Achieving a career using newspapers

Monday May 23 2011

Teachers at an NiE workshop in Gulu last week.

Teachers at an NiE workshop in Gulu last week. PHOTO BY JACKY ADURE 

By Jacky Adure

With the continued use of newspapers among school going children, career guidance and development will be an interesting idea and an individual chosen idea rather than anybody choosing or forcing them to do something not out of their interest.

This was revealed by teachers during NiE teachers training organised by World Vision in Gulu last week. Teachers revealed that through reading newspapers learners will be exposed to an outside world full of career choices rather than restrictions. Many who read newspapers are well versed with their world.

Joint effort
Ms Catherine Oryem, a head teacher at Laliya Primary School in Gulu District, pointed out that this cannot be achieved unless all education stake holders join hands in educating learners on how effective newspapers could be for their future careers.
“Involving learners in reading activities and guidance will ease career guidance activity as the children will already have a clue about what it entails,” she said.

Ms Oryem said most pupils are well versed with teaching, politics and medical careers as they are the most available careers in their environment, information got from newspapers, which will expose them to a variety of careers.

The Young Readers Manager, Monitor Publications, Ms Charity Byarugaba, noted that papers are a good career guidance tool as they are the only source that exposes learners and the public to various prominent persons in the world with different careers that learners can pick on.

She also revealed that prominent people feature in various articles that should encourage critical thinking and reading.
“Learners need career guidance right from the start to be able to produce people of different capabilities. They get a chance to learn with an open mind without looking down on any career,” said Ms Byarugaba.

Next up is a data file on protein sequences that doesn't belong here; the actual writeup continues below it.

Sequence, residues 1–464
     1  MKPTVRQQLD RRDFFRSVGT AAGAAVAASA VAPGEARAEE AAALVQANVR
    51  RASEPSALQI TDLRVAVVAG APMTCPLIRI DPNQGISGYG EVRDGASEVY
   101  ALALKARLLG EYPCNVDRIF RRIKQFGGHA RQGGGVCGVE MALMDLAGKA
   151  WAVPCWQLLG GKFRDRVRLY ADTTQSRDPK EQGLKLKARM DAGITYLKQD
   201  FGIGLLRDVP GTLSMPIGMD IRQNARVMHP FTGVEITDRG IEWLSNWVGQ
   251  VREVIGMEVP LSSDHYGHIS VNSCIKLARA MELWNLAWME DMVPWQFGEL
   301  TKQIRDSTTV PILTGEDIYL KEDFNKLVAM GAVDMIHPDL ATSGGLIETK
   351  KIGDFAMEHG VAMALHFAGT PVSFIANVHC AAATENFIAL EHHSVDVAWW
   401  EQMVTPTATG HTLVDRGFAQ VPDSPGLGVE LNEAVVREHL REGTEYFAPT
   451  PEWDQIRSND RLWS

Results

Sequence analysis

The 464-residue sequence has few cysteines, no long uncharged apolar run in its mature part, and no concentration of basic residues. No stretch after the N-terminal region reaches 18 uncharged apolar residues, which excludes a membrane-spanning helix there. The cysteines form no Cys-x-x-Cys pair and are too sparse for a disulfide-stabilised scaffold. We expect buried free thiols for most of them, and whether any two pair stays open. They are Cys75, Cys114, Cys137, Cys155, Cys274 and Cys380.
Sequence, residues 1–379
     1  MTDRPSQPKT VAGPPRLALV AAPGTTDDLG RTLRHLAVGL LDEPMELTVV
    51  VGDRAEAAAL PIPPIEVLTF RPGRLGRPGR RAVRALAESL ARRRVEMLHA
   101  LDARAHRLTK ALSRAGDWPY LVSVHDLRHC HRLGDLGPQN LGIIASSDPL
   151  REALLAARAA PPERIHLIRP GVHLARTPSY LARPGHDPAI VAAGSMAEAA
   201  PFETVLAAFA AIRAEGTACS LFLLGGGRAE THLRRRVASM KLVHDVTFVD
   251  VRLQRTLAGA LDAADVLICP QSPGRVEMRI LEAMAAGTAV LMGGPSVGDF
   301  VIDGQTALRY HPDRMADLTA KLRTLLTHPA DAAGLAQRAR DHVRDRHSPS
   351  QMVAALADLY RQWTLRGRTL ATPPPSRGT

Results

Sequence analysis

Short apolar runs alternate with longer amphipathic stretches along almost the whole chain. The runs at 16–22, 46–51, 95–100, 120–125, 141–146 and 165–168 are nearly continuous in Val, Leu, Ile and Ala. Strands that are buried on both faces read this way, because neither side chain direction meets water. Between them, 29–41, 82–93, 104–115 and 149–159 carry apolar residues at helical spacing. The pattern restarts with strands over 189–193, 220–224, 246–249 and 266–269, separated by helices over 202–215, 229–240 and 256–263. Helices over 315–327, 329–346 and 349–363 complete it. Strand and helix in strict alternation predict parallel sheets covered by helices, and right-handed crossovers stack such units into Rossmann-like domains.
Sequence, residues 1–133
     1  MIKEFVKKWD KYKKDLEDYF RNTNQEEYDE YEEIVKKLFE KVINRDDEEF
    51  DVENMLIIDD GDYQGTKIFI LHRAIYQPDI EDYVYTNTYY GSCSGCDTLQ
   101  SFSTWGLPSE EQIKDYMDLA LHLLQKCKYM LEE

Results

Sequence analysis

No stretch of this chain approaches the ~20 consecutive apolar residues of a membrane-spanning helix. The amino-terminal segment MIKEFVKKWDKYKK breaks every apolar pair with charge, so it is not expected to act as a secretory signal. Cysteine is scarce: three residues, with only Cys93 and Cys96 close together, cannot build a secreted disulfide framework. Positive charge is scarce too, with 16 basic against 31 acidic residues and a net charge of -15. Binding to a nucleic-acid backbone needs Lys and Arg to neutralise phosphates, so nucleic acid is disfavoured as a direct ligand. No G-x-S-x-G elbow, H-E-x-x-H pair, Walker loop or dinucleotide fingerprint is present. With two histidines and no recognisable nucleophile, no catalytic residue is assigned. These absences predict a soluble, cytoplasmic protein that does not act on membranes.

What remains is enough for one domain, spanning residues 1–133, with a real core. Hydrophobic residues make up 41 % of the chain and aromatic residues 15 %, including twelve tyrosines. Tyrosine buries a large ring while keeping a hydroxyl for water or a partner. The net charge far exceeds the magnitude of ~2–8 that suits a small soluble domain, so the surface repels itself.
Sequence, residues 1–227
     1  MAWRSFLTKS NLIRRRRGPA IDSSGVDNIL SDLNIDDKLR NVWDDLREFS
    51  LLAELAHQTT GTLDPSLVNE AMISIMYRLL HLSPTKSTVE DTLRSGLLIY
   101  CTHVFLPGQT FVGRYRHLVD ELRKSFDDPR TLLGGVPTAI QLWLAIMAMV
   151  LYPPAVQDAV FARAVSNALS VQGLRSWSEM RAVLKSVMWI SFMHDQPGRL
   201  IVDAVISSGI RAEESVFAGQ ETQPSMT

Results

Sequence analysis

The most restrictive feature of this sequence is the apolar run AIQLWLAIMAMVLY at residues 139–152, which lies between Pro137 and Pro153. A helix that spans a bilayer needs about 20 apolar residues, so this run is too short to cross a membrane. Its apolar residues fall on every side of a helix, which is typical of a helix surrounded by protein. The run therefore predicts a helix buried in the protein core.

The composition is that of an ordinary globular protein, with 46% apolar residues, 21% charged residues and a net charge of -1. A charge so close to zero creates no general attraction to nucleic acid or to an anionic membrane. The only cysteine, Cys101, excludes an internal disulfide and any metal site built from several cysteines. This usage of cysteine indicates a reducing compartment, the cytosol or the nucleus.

The Young Readers Manager also revealed that this can start by children identifying personalities through newspaper pictures and teachers should take a step to advise on the different careers that the personalities hold to help the learners choose wisely.

“Every child has a career because they all look forward to being something in future and newspapers can be a motivation tool to their careers because some articles enlighten on career,” she said.

Another teacher Mr Adolf Lawoko of Lapainat Primary School in his contribution revealed that without guidance learners will always view newspapers as a tool for decoration and wrapping rather than as an education tool.

Proper information
“The first thing is to give proper information and encourage learners on the benefits of the newspapers so that they can be involved and view it differently,” he said.

World Vision Education Design Monitoring and Evaluation Arthur Agora urged the teachers to embrace the programme and help the country produce people of different careers that will improve the reading culture and improve performance and thus attain the desired dream careers.

“It’s frustrating for a learner to miss out on achieving his dream career because of not performing well when the resources are available,” he said.

Mr Ogora said teachers should effectively use newspapers to help learners achieve their destined dreams and goals because it’s an eye-opener, especially to schools in the rural schools.